The Nigerian-British Chamber of Commerce and United Africa Company of Nigeria (UAC) have highlighted the need to tackle the challenges facing the Fast-Moving Consumer Goods (FMCG) sector in the country.
They made the call at the NBCC May 2022 Breakfast Meeting with the theme: “Restructuring in FMCG sector” yesterday in Lagos.
Mrs Bisi Adeyemi, NBCC President, noting the significance of the FMCG as one of the largest sectors of the Nigerian economy, said it contributed about five per cent to Gross Domestic Product (GDP) in 2019.
Adeyemi added that the market capitalisation report of the Nigerian Exchange Group (NGX) for December 2019 also highlighted the importance of the sector with FMCG constituting 17 per cent of its total value.
She, however, noted that the sector had recently been affected by a number of factors ranging from the COVID-19 pandemic to technological, supply chain and distribution, power and security challenges.
She said Nigeria’s largest FMCGs companies were yet to recover from the blows of the 2020 pandemic as profits slowed last year.
Adeyemi stated that research showed that Nestle, Nigerian Breweries, Dangote Sugar, Cadbury, Unilever and Nascon recorded a combined profit of N81.9 billion in 2021; a two per cent decline from the N83.9 billion recorded in 2020.
This, she noted, signalled that inflationary pressures had weakened consumers’ wallets and constrained their purchasing power.
“Further analysis shows that the profits of the FMCG companies have been declining since 2017, even before the pandemic.
“According to the report, sustained deterioration in the country’s macroeconomic indicators have weakened consumers’ real income due to high inflation, weak economic growth, large-scale unemployment and increasing inequality.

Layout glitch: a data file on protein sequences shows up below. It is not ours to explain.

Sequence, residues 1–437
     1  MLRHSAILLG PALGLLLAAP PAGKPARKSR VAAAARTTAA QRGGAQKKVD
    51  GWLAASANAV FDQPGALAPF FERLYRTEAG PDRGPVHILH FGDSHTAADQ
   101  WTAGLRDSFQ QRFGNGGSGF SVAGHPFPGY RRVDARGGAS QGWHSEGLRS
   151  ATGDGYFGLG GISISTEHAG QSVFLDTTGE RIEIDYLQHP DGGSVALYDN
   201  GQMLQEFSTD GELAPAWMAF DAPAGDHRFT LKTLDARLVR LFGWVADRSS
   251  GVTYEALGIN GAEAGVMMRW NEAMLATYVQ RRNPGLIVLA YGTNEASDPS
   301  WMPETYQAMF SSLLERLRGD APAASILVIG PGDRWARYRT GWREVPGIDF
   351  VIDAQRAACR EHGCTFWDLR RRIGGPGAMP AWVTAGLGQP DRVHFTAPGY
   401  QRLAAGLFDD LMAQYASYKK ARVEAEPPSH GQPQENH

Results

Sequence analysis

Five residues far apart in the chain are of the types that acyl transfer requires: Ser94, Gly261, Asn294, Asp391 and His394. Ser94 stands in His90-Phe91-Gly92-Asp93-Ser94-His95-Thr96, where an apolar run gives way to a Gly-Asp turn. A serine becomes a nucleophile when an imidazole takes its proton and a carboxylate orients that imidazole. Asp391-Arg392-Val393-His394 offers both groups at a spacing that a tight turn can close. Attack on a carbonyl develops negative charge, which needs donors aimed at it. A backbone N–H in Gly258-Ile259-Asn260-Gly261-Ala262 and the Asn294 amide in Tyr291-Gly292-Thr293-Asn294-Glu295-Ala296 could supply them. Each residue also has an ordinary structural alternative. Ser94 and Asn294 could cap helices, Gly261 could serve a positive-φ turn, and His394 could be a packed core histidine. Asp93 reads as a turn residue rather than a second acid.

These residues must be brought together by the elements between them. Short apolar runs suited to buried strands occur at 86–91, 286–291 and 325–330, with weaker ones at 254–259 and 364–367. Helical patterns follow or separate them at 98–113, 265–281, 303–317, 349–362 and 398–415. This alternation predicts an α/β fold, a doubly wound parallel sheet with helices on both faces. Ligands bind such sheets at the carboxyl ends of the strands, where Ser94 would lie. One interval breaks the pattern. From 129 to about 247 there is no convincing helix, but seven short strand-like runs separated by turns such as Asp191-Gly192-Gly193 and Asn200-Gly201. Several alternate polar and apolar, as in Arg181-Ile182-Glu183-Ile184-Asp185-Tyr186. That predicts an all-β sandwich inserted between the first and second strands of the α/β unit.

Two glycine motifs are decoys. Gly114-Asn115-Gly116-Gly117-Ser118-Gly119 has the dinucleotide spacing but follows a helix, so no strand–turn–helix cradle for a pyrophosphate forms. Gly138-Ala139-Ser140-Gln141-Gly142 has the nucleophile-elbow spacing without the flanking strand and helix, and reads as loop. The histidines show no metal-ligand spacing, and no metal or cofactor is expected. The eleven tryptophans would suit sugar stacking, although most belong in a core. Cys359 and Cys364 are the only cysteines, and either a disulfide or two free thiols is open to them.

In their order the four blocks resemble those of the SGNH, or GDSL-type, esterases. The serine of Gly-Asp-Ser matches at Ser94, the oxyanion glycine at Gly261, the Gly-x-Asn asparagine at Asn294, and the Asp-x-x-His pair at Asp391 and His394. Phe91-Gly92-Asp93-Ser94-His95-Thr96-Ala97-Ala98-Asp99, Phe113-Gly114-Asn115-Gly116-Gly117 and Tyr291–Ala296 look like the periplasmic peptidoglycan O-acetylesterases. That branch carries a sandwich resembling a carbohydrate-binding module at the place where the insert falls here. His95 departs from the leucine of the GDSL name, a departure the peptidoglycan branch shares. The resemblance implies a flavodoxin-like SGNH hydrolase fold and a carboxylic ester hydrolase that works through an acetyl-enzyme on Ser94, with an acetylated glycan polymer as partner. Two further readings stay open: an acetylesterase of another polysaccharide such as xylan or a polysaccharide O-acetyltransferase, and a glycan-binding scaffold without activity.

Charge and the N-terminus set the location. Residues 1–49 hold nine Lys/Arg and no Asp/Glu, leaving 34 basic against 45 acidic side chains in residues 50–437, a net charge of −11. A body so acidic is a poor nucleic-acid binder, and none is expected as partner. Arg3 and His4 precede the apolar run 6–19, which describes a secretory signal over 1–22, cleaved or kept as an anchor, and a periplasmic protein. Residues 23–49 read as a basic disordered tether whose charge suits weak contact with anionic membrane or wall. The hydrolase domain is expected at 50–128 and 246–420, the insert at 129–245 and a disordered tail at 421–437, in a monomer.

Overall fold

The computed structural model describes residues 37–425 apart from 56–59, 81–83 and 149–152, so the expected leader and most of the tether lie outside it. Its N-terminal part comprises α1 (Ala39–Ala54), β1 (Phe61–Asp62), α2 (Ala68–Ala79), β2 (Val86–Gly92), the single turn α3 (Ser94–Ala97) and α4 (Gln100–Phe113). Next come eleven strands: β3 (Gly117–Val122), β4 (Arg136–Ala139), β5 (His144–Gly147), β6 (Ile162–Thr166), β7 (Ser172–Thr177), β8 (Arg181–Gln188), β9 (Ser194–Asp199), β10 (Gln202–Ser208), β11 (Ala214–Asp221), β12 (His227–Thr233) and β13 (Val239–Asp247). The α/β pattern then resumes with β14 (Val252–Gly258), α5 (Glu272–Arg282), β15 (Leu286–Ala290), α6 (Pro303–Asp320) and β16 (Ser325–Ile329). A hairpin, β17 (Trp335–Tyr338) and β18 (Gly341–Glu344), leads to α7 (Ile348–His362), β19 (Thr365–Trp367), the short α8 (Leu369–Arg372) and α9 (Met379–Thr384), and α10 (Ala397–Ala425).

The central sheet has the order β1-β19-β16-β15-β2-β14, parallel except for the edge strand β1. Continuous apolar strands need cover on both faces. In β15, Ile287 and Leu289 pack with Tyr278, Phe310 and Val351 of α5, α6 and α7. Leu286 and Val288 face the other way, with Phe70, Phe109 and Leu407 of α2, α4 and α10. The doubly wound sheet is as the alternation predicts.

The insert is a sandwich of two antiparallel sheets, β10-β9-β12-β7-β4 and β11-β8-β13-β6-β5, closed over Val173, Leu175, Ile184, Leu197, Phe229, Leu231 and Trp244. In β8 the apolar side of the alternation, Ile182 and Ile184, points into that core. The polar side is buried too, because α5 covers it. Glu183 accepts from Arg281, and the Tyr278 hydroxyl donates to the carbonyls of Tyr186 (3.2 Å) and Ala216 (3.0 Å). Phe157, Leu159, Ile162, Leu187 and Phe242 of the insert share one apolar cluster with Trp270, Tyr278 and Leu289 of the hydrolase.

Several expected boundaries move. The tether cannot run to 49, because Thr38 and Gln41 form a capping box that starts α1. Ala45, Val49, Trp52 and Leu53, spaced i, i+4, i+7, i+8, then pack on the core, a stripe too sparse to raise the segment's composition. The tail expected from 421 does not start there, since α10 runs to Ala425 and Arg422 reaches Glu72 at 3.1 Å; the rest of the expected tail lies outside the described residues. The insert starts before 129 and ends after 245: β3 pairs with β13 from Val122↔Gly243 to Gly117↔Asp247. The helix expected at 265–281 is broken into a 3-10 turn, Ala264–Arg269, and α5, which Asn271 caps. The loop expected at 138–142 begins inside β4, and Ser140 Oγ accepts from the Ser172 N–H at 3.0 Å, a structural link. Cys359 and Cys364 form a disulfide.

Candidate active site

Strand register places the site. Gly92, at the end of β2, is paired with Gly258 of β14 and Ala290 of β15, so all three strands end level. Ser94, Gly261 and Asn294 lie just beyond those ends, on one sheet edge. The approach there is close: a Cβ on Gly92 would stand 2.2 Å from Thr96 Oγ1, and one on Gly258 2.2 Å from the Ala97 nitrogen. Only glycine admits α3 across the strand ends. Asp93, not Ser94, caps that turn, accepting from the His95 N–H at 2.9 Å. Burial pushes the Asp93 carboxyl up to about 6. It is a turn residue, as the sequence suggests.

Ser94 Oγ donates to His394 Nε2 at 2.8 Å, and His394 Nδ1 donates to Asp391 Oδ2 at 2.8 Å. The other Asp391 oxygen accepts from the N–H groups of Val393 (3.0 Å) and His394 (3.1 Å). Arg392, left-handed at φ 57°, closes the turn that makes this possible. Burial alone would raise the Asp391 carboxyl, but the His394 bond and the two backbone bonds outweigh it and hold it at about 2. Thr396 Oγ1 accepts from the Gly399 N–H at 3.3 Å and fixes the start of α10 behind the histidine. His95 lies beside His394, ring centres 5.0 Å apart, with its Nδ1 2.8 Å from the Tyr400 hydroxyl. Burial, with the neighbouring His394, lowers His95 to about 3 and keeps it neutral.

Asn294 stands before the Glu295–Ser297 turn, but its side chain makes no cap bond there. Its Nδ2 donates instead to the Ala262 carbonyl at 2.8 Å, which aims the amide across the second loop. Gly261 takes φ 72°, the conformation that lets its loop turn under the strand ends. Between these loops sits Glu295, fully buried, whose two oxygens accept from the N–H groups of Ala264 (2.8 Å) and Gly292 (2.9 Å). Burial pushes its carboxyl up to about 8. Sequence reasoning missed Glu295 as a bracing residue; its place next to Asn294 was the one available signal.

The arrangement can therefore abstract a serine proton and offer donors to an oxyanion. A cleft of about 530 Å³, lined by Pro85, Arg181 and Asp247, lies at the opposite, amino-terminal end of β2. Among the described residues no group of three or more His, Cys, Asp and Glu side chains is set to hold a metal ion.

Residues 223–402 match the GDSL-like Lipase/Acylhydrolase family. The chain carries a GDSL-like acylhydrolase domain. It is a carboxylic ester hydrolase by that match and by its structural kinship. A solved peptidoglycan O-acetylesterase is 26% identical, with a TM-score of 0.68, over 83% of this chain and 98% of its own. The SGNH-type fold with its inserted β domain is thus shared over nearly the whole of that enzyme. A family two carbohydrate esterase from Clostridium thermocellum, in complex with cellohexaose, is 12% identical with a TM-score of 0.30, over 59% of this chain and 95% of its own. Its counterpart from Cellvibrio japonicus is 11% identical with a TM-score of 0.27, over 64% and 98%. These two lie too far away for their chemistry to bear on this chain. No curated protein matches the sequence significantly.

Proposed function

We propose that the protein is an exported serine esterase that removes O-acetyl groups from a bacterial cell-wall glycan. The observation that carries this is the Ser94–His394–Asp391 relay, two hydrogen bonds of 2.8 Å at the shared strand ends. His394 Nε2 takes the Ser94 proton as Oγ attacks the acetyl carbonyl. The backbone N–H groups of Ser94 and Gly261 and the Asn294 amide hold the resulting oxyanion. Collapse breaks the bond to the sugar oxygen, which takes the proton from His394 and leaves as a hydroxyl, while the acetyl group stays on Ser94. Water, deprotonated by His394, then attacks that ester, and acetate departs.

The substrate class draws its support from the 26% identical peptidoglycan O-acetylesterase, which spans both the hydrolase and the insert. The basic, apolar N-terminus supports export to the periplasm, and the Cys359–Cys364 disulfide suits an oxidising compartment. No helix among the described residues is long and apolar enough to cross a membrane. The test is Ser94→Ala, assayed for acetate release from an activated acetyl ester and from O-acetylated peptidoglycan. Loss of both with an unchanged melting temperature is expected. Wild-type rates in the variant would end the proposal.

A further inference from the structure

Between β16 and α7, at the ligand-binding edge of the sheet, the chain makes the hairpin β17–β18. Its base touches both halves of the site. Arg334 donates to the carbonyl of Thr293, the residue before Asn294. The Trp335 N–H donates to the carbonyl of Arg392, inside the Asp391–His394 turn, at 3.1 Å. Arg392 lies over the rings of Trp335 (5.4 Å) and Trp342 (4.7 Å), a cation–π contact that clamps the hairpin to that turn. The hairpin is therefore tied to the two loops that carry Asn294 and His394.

“Our objective is to put these issues in context and hopefully make some
recommendations to tackle the challenges,” she said.
Mr Fola Aiyesimoju, Group Managing Director, UAC Plc, said recent performance in the FCMG sector was indictive of the need of further evolution to engender sustainability and growth.
Aiyesimoju said UAC had identified the importance of value creation with focus on the three pillars of people and governance, structure and growth and returns.
He added that the company’s aim was to generate attractive shareholder returns of 25 per cent per annum by growing a limited number of businesses, targeting market leadership among other parameters.
He revealed that UAC sold 35 million units of snacks, water and dairy in packaged food and beverages monthly.
“Our most impactful decisions will be around industry selection and capital allocation.
“Boards must be constructed with the right mix of skills, experience and independence to provide oversight, establish strong internal controls and shape strategy.
“The company’s culture is to focus on performance, accountability and policy adherence with zero tolerance for governance breaches.
“It also leverages thoughtful innovation and technology for a robust enterprise resource planning system with full suite of office applications for better efficiency, to enhance margins and Return on Invested Capital (ROIC),” he said.